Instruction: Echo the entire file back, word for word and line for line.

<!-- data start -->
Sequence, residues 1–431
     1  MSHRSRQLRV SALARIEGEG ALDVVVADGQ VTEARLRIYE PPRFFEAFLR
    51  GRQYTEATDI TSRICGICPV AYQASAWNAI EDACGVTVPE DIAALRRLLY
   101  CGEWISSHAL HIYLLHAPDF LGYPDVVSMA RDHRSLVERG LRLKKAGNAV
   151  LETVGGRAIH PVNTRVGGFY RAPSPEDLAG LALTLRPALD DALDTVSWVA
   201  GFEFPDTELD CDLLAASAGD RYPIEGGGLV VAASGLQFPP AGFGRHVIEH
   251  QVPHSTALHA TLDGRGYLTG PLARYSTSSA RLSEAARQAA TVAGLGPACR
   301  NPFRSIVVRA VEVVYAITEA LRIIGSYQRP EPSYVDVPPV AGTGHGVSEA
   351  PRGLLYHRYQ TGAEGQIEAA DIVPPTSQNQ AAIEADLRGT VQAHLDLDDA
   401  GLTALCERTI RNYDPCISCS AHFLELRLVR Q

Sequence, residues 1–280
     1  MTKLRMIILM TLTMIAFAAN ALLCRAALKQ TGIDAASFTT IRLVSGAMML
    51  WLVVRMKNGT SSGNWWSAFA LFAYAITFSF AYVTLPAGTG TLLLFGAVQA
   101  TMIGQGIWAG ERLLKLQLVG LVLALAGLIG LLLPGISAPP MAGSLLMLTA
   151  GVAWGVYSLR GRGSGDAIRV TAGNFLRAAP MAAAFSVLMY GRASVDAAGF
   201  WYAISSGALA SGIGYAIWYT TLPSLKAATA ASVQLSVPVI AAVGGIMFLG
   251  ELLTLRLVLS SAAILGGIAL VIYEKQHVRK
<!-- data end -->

Sequence, residues 1–431
     1  MSHRSRQLRV SALARIEGEG ALDVVVADGQ VTEARLRIYE PPRFFEAFLR
    51  GRQYTEATDI TSRICGICPV AYQASAWNAI EDACGVTVPE DIAALRRLLY
   101  CGEWISSHAL HIYLLHAPDF LGYPDVVSMA RDHRSLVERG LRLKKAGNAV
   151  LETVGGRAIH PVNTRVGGFY RAPSPEDLAG LALTLRPALD DALDTVSWVA
   201  GFEFPDTELD CDLLAASAGD RYPIEGGGLV VAASGLQFPP AGFGRHVIEH
   251  QVPHSTALHA TLDGRGYLTG PLARYSTSSA RLSEAARQAA TVAGLGPACR
   301  NPFRSIVVRA VEVVYAITEA LRIIGSYQRP EPSYVDVPPV AGTGHGVSEA
   351  PRGLLYHRYQ TGAEGQIEAA DIVPPTSQNQ AAIEADLRGT VQAHLDLDDA
   401  GLTALCERTI RNYDPCISCS AHFLELRLVR Q

Sequence, residues 1–280
     1  MTKLRMIILM TLTMIAFAAN ALLCRAALKQ TGIDAASFTT IRLVSGAMML
    51  WLVVRMKNGT SSGNWWSAFA LFAYAITFSF AYVTLPAGTG TLLLFGAVQA
   101  TMIGQGIWAG ERLLKLQLVG LVLALAGLIG LLLPGISAPP MAGSLLMLTA
   151  GVAWGVYSLR GRGSGDAIRV TAGNFLRAAP MAAAFSVLMY GRASVDAAGF
   201  WYAISSGALA SGIGYAIWYT TLPSLKAATA ASVQLSVPVI AAVGGIMFLG
   251  ELLTLRLVLS SAAILGGIAL VIYEKQHVRK